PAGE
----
The Lost History of Christianity (Jenkins)

I am going to write glowingly of several Christian groups in this review.  It might seem like I am sympathetic to them.  If I am, it is important to note that these groups are formal heretics on the post-Chalcedonian doctrine of Christ.  That should be acknowledged.  Now to the review.  This book was sheer excitement.  I consider myself fairly well-read on Eastern Church history.  I’m not a scholar or an expert, but I know about as much as a layman could possibly know. I learned a lot.  I got excited about what I learned.

Not only is this a fine narrative of church history, it’s also a good text on missiology (if you think that kind of stuff is important).  It also has some geopolitical insights.

[1] This book teaches you how to interpret maps.  We know a lot about Western and Roman Christian history.  It is 3,100 miles from Jerusalem to England. We can assume Christian missionaries got to England at least by the second century.  Let’s turn that 3,100 miles eastward.  We now arrive in either Kyrgyzstan or Nepal. We know that Christians were in China by the 8th century.  Even among the Mongols centuries later Nestorian Christians had a respectable presence.

[2] It’s the current rage among both low-church evangelicals and apostolic traditions like Rome to claim continuity with “the early church,” or even worse, “the first century Christians.”  Romantic delusions aside, the church most closely resembling a Palestinian worship service would have been a Syriac church. They were Semites and spoke a widely-known Semitic language. Patriarch Timothy of Mesopotamia even claimed that his people were closer in habit to Abraham that Rome could be.

[3] Christians east of Syria would have been Nestorians.  Christians south of Syria would have been miaphysites (or monophysites, depending on whether you want to use loaded language).

[4] Patriarch Timothy of Seleucia (800 AD) wielded wider influence over the Christian world than did either Pope or Charlemagne. He was also more widely read. Although under Islamic rule, there were thriving Christian metropolises in Iraq, Iran, and Turkmenistan.  

[5] Is Islam violent?  Yes.  Did Islam’s violence eradicate Christian communities in the Middle East?  Also, yes.  However, most would draw the wrong conclusions from those facts. Initially, most Christian communities did quite well after the invasions. Muslim armies moved so rabidly they didn’t bother to eradicate Christian social structures.  Indeed, that would have been counterproductive.

Early on Islam needed Christian thinkers and architects.  If the Greeks were lost in the West, Syriac Christians were intimately familiar with them.  One could make an argument that it was the Syriac Christians that passed on Aristotle to the Arabs.  Moreover, early Muslim mosques were nearly identical to earlier Christian cathedrals. That’s not an accident.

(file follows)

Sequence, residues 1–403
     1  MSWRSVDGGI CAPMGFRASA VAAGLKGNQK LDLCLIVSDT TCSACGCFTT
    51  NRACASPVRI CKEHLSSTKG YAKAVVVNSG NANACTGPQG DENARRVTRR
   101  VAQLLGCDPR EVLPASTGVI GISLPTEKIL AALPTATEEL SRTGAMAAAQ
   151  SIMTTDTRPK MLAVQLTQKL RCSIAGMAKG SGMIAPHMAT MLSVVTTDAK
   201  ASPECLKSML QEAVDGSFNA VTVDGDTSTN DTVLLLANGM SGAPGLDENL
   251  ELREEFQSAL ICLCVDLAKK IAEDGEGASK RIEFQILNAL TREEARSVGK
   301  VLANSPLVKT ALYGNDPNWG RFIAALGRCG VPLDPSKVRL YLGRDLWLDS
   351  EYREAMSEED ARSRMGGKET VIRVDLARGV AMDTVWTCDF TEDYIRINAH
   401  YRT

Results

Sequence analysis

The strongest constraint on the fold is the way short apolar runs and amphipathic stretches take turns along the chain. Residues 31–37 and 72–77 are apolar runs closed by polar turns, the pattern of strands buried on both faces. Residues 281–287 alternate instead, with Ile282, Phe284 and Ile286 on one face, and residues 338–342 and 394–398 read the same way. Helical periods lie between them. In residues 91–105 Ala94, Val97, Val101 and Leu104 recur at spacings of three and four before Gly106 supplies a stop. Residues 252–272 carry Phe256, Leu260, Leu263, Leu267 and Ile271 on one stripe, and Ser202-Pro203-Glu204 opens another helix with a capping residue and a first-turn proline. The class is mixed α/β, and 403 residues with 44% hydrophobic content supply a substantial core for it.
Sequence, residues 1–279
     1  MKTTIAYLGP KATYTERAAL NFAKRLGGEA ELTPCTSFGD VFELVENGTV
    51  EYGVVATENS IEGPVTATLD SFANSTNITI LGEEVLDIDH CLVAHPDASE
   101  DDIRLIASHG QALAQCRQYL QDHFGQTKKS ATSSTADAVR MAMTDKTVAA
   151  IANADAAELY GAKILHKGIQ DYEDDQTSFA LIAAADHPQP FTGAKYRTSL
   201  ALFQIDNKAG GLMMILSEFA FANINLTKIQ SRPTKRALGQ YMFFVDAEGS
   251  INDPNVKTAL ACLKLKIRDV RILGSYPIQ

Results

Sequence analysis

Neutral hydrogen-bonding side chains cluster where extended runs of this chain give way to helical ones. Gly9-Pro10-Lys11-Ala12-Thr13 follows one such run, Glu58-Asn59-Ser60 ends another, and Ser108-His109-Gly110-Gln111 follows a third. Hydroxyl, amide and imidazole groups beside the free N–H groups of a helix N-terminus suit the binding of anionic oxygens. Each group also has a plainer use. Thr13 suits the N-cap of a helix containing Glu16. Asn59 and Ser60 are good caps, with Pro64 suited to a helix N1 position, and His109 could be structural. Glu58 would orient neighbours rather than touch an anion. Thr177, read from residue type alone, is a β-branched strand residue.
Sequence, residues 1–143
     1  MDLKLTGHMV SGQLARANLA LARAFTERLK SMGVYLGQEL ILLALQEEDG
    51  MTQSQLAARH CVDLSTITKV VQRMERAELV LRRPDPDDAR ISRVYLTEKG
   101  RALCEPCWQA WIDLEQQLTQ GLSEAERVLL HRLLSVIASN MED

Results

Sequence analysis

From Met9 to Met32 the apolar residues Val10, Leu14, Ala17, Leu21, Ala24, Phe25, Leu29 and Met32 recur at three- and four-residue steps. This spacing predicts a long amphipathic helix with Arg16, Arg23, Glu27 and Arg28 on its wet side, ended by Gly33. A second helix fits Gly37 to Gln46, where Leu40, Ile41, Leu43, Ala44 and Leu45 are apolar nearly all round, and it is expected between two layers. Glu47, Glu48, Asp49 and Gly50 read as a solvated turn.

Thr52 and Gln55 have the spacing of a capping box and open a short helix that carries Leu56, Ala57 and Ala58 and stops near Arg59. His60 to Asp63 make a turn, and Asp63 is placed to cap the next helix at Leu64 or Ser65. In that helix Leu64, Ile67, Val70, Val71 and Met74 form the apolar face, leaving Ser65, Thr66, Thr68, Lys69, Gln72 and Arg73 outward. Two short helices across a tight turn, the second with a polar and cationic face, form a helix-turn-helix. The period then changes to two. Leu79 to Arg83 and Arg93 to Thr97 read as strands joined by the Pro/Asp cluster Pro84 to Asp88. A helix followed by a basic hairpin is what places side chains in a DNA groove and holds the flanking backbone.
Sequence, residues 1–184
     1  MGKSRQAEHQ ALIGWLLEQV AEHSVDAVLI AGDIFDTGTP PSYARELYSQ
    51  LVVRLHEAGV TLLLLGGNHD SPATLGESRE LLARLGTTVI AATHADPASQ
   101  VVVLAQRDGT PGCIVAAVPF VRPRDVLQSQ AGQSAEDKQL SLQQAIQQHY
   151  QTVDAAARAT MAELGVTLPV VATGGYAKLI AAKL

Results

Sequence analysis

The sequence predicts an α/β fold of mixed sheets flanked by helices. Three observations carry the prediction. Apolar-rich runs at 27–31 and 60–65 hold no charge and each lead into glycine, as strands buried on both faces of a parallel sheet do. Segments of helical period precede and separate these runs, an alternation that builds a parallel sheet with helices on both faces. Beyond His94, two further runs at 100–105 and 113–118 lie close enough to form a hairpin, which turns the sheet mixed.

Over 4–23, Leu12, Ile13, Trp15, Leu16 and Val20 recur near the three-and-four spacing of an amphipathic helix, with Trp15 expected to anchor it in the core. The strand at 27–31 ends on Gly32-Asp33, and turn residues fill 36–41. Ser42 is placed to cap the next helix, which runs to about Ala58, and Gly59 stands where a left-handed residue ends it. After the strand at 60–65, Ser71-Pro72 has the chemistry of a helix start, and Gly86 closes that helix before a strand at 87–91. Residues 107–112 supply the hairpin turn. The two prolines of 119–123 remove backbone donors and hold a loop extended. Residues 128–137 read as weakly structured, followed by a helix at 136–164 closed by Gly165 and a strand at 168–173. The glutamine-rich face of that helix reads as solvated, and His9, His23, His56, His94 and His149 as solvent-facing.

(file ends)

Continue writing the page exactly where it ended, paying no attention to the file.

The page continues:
[6] If a Christian apostasizes to Islam today, it would require a significant culture shift.  If that happened in 9th century Syria, it wouldn’t be noticeable at all.  Jenkins suggests that the Koran actually plagiarized sections of Syriac liturgies.

Moreover, Islam itself isn’t monolithic.  Even Arabic changes. That’s not to mention the bigger differences between Shi’ite and Sunni. Jenkins even notes, quite positively, the influence of Alawites in today’s Syria (showing obviously that this was written long before the Syrian Civil War turned in Assad’s favor; no reputable publisher, Jenkins’ own views notwithstanding, would allow such positive light about Assad to be mentioned today).

The book is a dream. It is a fascinating account of a lost history of Christianity that ironically held sway in large sections from Syria to Japan to India.


The Quran, a review

This review is hard to write.  I’m really not qualified to write it. I would be hesitant in accepting the word of an outsider who read briefly of the Bible and then offered his “critique” of it.   Complicating this even more, technically I did not even read the Qu’ran. I read a translation of it.

(In)consistent Revelations

Mohammed claims that earlier revelations are corrupted.   This presents the reader with a problem: Part of Mohammed’s claim is that Allah sent prophets (Moses, Jesus, etc) to the people (57:26; 2:136), but for one reason or another were rejected.  On one hand we are told that the Quran’s revelation is in line with previous revelations (which assumes some sort of verifiable standard) but we are also told that the previous revelations are corrupted, which renders any verification moot.   The problem is that he doesn’t show us these extant mss copies where we may see the corruptions.    

The problem is exacerbated when Mohammed tells these communions to accept him because he is in line with previous revelations (10:94).  If previous revelations are corrupted, then on what basis may we trust his message? Why should we be held accountable for not listening to previous prophets if our only access to these prophets is corrupt?

Folklore Worldview

There is a certain charm in the Quran.  I enjoyed it in the same way I enjoy reading Middle Eastern fairy tales.   Despite some tendentious repetition and non-sequiturs, there are some interesting and amusing parts.  A case in point is the Qu’ran’s view of paradise. One cannot help but smile at the repeated references to “heavy-breasted,” dark-eyed girls and that man’s “vigor” will be sufficient for the task at hand (and contrary to popular opinion, I only saw the Qu’ran list 70 virgins, not 72).  The Qu’ran even specifies that these girls were not defiled by jinn (think: genies). Given that this view of paradise is likely a projection of Mohammed’s desires (or those of his followers), pace Feuerbach, one must wonder if 7th century Arabian man struggled with constant problem of genies’ defiling of virgins. (And there might even be some substance in that point.